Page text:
She raced across the meadow toward the black wall of the surrounding forest. She fell, got up and continued to run. At the edge of the forest she tripped on a log and landed hard. She lay there listening, her raspy breathing the only sound. She rolled over and high above could see the delineation of tree tops against a night sky pricked with stars.
She hadn’t killed him, too bad. And he was looking for her. To do what? This could only be resolved with the demise of one thing or another, his career or her life.
“Mattie. Come back to the cabin. There are wild animals out there. You could get killed.”
Mattie got up. Through the forest she could see a light shining from the open cabin door. He was coming.
She turned and plunged deeper into the dark forest, feeling rather than seeing her way. She’d take her chances with the wild animals.
MATTIE WAS FREEZING. She jerked awake. Morning sun filtered through the fir boughs leaving a dappled pattern on her surroundings, a shallow alcove at the base of the trunk of a giant evergreen. She remembered stumbling, rolling down an embankment and the tree stopping her descent. Exhaustion and the realization she could have run off a cliff made her decide to nestle there for the rest of the night.
She was on the side of a ravine, three metres from the top and an undetermined distance down a steep, rocky slope to a creek she could hear but couldn’t see. Bumping into this tree had hurt, but not so much as if she had bypassed it on her descent.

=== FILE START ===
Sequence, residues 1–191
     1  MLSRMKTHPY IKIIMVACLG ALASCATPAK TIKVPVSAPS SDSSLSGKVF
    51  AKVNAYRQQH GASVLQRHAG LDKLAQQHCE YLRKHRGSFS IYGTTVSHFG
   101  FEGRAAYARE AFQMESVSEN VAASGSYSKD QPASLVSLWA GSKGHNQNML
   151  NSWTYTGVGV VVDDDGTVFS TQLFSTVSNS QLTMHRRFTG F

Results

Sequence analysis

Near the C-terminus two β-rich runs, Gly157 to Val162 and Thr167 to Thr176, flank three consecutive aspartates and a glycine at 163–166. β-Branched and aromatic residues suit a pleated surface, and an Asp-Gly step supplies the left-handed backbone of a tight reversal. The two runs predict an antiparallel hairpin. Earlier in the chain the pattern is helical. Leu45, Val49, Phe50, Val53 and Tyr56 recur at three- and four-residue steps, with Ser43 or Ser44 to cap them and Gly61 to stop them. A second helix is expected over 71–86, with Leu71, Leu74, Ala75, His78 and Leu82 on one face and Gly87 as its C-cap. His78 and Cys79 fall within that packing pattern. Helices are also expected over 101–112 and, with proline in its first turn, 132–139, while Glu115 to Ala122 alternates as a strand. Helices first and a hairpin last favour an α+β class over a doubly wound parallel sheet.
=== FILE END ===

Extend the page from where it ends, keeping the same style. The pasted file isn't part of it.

Mattie got up slowly; stiff, sore, scraped hands and knees, bare legs flaming red from stinging nettles, but otherwise intact. Desperately thirsty, she decided the priority was to climb down and find the stream.
It was more difficult than it sounded. The lower she went the more impenetrable the growth. She reached the creek bed and quenched her thirst and had a breakfast of huckleberries that grew in abundance in the dank at the bottom of the ravine. The dense vegetation left no alternative except to climb back up.
By the time she emerged from gulley she had to pull off her hoodie sweatshirt to cool off. She’d been wearing it because nights in the cabin were cold. She wouldn’t have fared too well last night in the outdoors without it. Except for her mistrust of Larkin, she would have only worn sleep shorts and a t-shirt to bed, and certainly not her hiking boots.